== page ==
What is a Government Evangelist?
Two of the most frequent questions I get, as GitHub’s Government Evangelist (other than “is that your real title?”, of course), is “what exactly does a Government Evangelist do?”, almost always followed by “wait, but why would GitHub do that?”. Here’s the what and why, along with why it’s important to the open source community that roles like that exist, at GitHub and elsewhere:
What is a Government Evangelist
In a sentence, the Government Evangelist role at GitHub is about helping government agencies to ship (open source) software better — to fold the map in half, and bring the West coast a bit closer to the East coast. We encourage agencies to take the first, often scary step, into the world of open source, open data, and open government, and to ensure that once they do, that the agency has the resources and support they need to succeed.
Use the term “open source” in government, especially around those that wear a suit on a daily basis, and you might conjure up images of hippies with tie-dyed laptops passing around source code like they might pass around an illicit substance. In many agencies, open source isn’t taken seriously, nor is it seen as a potential “enterprise-grade solution”. While closed-source software has dedicated sales teams to have a presence at government technology conferences and explain how their product might improve the agency’s workflow, open source traditionally doesn’t have any such seat at the table. It’s simply not part of the conversation — why would it be?
Why does it matter if GitHub has one
From the outside looking in, the government speaks a very different language and transacts business very differently than the rest of the world. What you and I might call “a website”, an agency, when writing a procurement document, might call that same collection of code a “scalable, cross-platform, digital public engagement platform”. Unfortunately, Google Translate hasn’t yet figured out how to translate between “government” and “geek”.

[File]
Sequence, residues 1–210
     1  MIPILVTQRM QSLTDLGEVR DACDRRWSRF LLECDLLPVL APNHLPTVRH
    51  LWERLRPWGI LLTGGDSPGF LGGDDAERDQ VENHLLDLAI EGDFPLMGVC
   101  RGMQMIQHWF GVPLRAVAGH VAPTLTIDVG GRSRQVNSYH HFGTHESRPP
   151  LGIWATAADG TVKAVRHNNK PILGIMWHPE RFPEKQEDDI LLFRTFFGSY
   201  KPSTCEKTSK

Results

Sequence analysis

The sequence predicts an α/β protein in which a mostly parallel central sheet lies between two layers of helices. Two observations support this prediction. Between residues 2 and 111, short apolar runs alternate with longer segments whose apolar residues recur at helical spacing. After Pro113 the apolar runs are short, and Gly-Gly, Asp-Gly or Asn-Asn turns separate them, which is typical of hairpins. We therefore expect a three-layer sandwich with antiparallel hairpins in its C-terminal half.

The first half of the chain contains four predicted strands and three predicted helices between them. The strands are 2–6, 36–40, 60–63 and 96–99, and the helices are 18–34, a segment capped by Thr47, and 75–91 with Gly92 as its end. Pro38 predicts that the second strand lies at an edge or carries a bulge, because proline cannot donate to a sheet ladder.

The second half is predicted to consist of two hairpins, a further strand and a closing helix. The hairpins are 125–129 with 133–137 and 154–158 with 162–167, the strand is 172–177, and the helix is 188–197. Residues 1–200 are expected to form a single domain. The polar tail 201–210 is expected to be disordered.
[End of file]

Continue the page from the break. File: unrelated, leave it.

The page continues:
Government agencies had been using to GitHub prior to the role’s creation, but whereas a private-sector firm might simply type in their credit card number to upgrade their account to a $25 subscription, those same transactions in government require a certain level of white-glove support. Custom terms of service need to be negotiated (government employees can’t simply click “sign up”), new billing mechanisms need to be developed (subscription services can violate the Anti-Deficiencies Act), and government-specific resources need to be curated (misinterpretations of government security and privacy frameworks can render open source a forbidden venture).
The government evangelist role provides agencies with someone familiar with open source who wears a suit, speaks their language, knows the unique challenges they face, and when they approach us to take that first step towards joining the open source community, we can make it easier (and more successful) for everyone involved.
If we’re going to try and break government out of its anachronistic ways, we’re going to need to expose government agencies to new, leaner ways of working. If you’ve got a project, open source or otherwise, and the government can benefit, speaking their language is just the start.
This is an excerpt, originally posted on opensource.com, and is republished here under a CC-BY-SA license.
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- Why isn't all government software open source?
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Ben Balter is a Staff Technical Program Manager at GitHub, the world’s largest software development network. Previously, as the Senior Product Manager overseeing the platform’s Trust and Safety efforts, Ben shipped more than 500 features in support of community management, privacy, compliance, content moderation, product security, platform health, and open source workflows to ensure the GitHub community and platform remained safe, secure, and welcoming for all software developers. Before joining GitHub’s Product team, Ben served as GitHub’s Government Evangelist, leading the efforts to encourage more than 2,000 government organizations across 75 countries to adopt open source philosophies for code, data, and policy development. More about the author →